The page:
Student group draws stick figure renditions of Muhammad as free speech protest

    Photo by the author / North by Northwestern.

    Update: SHIFT has sent North by Northwestern a Letter to the Editor concerning this topic. Read it here.

    The Secular Humanists for Inquiry and Free Thought  (SHIFT) met by the Rock Sunday night, chalking stick figures resembling Muhammad across campus. SHIFT leadership said that the goal of the event was to promote freedom of expression.

    “We wanted to express the idea that there is no policy against talking about the prophet Muhammad,” Weinberg sophomore and SHIFT president Cassandra Byrne said. “It’s become a cultural taboo because of fear. We’re trying to dispel that taboo.”

    The chalking came after the creators of South Park were forced to censor their 200th episode in which the Prophet Muhammad was depicted in a bear outfit alongside other major religious figures including a cocaine-snorting Buddha. The website of the Muslim extremist group Revolution Muslim warned the creators they would “probably wind up like Theo Van Gogh” if the show aired. Van Gogh was murdered in 2004 after making a film that criticized Muslim women.

    “It underscores the ridiculousness of what has happened with the whole thing,” Weinberg junior and SHIFT member Michael Sklar said.

    The chalking occurred at 10 p.m., according to a statement sent over the SHIFT listserv. Initial talks about the protest stirred controversy within the group, leading to an ongoing debate about whether carry out the chalking or not. After discussions at the meeting Sunday afternoon, it seemed the group was prime for their first official protest as a group.

    Secular humanist groups across the country have reacted in similar ways. Members of the Atheists, Agnostics and Freethinkers at the University of Illinois started the trend when they drew 150 stick figures of Muhammad in support of free speech. Soon after, Atheists, Humanists Agnostics members at the University of Wisconsin-Madison responded with similar drawings across campus. According to the blog Political Cartel, the AHA faced resistance from the Muslim Student Association, which called the cartoon criticism “illegal” and a “slap in the face.”

    Byrne said she hopes Northwestern’s Muslim-cultural Student Association does not misinterpret SHIFT’s motivations behind the drawings.

    “It’s not directed to Muslims who are offended,” she said. “It’s to everyone else for thinking this is so offensive.”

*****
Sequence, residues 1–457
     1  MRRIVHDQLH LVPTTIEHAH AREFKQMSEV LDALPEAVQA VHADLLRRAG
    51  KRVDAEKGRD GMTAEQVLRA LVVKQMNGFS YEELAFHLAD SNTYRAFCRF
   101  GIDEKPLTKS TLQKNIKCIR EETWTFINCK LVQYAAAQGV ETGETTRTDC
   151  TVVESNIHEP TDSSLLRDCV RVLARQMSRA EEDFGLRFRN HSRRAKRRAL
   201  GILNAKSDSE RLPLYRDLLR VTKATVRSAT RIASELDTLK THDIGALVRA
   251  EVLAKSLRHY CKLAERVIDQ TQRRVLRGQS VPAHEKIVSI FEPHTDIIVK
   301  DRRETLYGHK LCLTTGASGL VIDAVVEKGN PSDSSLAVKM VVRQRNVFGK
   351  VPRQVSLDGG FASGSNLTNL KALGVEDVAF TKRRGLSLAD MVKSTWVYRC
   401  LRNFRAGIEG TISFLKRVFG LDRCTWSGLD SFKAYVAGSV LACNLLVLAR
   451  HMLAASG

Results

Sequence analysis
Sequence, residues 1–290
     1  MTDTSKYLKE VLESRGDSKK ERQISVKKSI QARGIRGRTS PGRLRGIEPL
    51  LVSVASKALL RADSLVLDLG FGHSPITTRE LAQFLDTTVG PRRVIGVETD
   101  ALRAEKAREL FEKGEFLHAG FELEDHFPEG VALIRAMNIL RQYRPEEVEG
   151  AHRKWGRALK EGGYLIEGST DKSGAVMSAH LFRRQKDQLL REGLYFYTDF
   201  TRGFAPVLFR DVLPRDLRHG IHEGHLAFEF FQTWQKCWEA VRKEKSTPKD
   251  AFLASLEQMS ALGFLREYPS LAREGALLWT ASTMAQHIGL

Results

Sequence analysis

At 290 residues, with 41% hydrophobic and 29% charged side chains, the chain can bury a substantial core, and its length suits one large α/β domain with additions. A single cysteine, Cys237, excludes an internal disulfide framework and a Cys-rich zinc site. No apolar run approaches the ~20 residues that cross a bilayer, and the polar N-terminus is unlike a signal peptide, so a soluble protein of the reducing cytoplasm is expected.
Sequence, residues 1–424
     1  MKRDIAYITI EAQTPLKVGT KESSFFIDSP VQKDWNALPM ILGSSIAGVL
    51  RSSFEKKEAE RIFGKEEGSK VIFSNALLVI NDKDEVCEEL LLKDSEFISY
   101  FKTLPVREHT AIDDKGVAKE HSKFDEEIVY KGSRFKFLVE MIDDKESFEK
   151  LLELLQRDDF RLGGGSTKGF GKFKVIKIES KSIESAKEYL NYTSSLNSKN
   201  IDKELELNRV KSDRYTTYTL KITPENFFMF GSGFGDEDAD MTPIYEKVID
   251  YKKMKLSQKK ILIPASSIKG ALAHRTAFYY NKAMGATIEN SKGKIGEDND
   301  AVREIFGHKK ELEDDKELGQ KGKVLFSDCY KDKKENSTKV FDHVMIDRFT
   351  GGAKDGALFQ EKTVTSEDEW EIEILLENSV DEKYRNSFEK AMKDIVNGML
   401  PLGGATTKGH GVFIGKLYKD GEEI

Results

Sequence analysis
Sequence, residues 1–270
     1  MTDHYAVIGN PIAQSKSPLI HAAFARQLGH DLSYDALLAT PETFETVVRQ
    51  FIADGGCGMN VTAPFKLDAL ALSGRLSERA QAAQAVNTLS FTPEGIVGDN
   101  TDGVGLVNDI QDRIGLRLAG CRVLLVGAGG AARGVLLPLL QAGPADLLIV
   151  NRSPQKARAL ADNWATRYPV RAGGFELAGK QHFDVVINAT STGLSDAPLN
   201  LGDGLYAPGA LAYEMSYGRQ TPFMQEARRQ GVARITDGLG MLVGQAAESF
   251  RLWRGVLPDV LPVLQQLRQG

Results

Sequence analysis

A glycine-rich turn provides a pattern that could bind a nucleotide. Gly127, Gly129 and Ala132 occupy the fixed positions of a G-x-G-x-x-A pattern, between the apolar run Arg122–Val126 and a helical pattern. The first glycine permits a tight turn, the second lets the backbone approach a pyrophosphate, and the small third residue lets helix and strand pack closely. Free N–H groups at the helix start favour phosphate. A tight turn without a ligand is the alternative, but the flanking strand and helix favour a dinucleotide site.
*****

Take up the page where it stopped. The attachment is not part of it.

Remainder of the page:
For Sklar, the drawings were more about making a statement and not letting free speech “be subordinated.”

    “If it’s truly about idolatry instead of criticism, then I am more inclined to sympathize with Muslims if they get pissed off,” he said.

    Leadership from McSA said they wished that SHIFT had called for a campus conversation on the issue.

    “We are just as strong supporters of free speech as anyone else,” said Noreen Nasir, Co-President of McSA.

    “There could have been better ways to approach this,” Nasir said. “Had they approached us directly, we could have had some open dialogue. I mean, communication is the key in these situations.”

    McSA’s other co-president, Omar Bin Khalid, shared similar opinions.

    “With freedom of expression comes certain responsibilities,” Bin Khalid said. “We are a part of a diverse community and we need to be considerate of the feelings of others.”

    “We understand the point they are trying to make, but we want to make it clear that it is very hurtful to Muslims,” Bin Khalid said.

    Though the path along the rock emptied late Sunday night, most people walked by the drawings unnoticed. Drawings were placed in front of Kresge, the Rock, the Arch and near Annenberg Hall.

    “I feel this was just drawn to get a offended reaction by people,” Communication sophomore Max Moline said. “You don’t need to draw Muhammad to express your freedom of expression. It’s just pointlessly offensive. That said, I’m not personally offended.”

    “This is something that would inspire that kind of talk. That’s what I hope it would be,” Weinberg freshman Rachel Geistfeld said. “Hopefully it’s out of ‘Hey, a lot of people would find this offensive. Why would they find this offensive?’ as opposed to ‘This is offensive. Look what I can do and you could do nothing about it.’”


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